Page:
Canada also has many bilateral agreements with various nations regarding green economy policies, including environmental cooperation agreements, along with a deep cooperation with the United States. The United Nations Framework Convention on Climate Change is the United Nations organization that led to the development and ratification of the Paris agreement.

Provincial Policies


To comply with the Canadian federal policy, Ontario has chosen to implement a cap and trade system. The new system took effect January 1, 2017. The system contains two key components, cap, and trade. The cap restricts the amount of greenhouse gas pollution businesses and institutions can release into the environment. The cap shrinks year to year to encourage lower emissions. Companies must have permits or credits to cover their emissions if they exceed the cap. This is where the trade part of the policy comes into effect. Companies can trade credits or permits. This allows for high polluters to buy credits or permits from low emission companies to cover their emissions. The revenue generated from the cap and trade must be invested in a transparent way to comply with the law. Places companies can invest are green technology, lower carbon fuels and buying extra credits. According to the Ontario government, it will cost Ontario homeowners an extra $13 a month. There will be three types of participants in the cap and trade. The first is voluntary participants who opt in to participate in the policy. The second is mandatory participants who by law are forced to participate. The third is market participants who participate in the allowance market but aren't forced to comply with other regulations of cap and trade.

British Columbia

British Columbia was the first province in Canada to implement a green economy policy. On July 1, 2008 the province implemented a revenue-neutral carbon tax. The objectives of the tax are

  • encourage individuals, businesses, industry, and others to use less fossil fuel and reduce their - greenhouse gas emissions
  • send a consistent price signal
  • ensure those who produce emissions pay for them
  • make clean energy alternatives more attractive.


The Alberta government has opted to implement a carbon levy and rebates policy to combat climate change. The policy took effect January 1, 2017 and increases in 2018. The prices at which the Alberta government has priced carbon is $20 per tonne in 2017 and then $30/ per tonne after the increase takes effect in 2018. Not all carbon will be taxed, the price is based on the amount of carbon pollution released by the fuel when it is combusted, not on the mass of fuel itself. These include transportation and heating fuels such as diesel, gasoline, natural gas, and propane. Certain fuels, such as marked gas and diesel used on farms, will be exempt from the levy. All revenue will be invested back into the province of Alberta.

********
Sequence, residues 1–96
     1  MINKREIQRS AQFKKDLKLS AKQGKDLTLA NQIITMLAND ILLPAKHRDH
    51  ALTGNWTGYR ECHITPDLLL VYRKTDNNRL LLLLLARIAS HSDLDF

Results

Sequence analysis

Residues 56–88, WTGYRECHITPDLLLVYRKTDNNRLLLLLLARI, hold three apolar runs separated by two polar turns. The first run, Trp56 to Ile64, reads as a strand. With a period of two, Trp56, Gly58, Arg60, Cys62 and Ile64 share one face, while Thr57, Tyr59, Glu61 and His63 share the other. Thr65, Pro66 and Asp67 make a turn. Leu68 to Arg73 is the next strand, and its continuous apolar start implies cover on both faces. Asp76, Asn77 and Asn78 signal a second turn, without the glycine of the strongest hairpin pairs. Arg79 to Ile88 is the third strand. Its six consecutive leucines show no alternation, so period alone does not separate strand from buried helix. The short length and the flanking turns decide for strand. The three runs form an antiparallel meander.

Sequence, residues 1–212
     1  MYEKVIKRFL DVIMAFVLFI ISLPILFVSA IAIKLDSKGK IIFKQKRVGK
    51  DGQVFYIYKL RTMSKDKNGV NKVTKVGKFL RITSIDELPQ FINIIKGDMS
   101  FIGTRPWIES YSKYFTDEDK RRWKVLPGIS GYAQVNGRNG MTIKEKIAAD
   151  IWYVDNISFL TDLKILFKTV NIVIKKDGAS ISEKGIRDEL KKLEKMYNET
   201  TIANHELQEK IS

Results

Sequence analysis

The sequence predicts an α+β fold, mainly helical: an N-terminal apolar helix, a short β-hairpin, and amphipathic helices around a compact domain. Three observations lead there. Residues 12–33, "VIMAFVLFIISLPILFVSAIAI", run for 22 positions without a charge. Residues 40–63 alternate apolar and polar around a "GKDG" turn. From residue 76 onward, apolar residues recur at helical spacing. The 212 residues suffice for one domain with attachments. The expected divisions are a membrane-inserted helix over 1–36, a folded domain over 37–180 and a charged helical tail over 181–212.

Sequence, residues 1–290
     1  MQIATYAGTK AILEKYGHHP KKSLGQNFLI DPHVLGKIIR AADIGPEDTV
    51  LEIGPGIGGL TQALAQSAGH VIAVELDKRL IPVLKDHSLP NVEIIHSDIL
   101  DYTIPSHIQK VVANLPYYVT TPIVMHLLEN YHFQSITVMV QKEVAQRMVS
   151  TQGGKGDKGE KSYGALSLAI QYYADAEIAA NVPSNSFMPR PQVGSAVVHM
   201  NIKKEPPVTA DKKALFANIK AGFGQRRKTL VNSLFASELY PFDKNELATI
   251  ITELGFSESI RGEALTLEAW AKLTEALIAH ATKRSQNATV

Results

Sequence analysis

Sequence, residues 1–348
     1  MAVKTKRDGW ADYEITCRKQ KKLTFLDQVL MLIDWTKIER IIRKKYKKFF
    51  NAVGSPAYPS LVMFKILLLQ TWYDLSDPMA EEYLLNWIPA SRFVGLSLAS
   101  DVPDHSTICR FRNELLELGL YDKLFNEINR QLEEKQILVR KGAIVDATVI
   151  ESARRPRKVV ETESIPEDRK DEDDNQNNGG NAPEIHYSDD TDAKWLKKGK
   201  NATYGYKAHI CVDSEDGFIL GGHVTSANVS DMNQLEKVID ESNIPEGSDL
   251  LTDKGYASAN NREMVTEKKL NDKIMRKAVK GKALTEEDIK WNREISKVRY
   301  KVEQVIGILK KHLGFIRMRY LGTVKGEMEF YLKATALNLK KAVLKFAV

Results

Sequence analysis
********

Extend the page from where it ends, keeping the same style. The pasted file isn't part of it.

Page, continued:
Newfoundland and Labrador

Newfoundland and Labrador have implemented the Management of Greenhouse Gas Act (bill 34) to comply with federal climate change legislation. It took effect on March 7, 2017.

A fund has been created for supporting emissions-reduction technology, which will be 100% industry-funded. The goals of the management of greenhouse gas act are:

  • The Government of Newfoundland and Labrador is introducing the new Management of Greenhouse Gas Act to reduce industrial emissions.
  • Emissions will be monitored for two years to help set reduction targets in consultation with industry.
  • The act also establishes a new fund for clean technology which will be 100% industry funded.
  • Local large industry accounts for 43% of greenhouse gas emissions and more than 30% of GDP.


Quebec was an early adopter when it comes to economic climate change policy. In 2013 the Quebec government implemented 2013-2020 climate change action plan making them one of the first provinces to implement green economic climate change policy. The policy called for $2.7 billion to be invested towards the government’s climate change goals. The revenues are self-funded from the carbon market. The plan allocates $200 million to support businesses to reduce GHG emissions by investing in projects related to energy efficiency, process optimization and the installation of more eco-performing equipment. The provincial government implemented the cap and trade system for businesses in the industrial and electricity sectors that emit 25,000 metric tons or more of CO2. The goal of the policy is to reduce GHG emissions in the highest emitting sectors by promoting energy efficiency as well as the use of energy from renewable sources.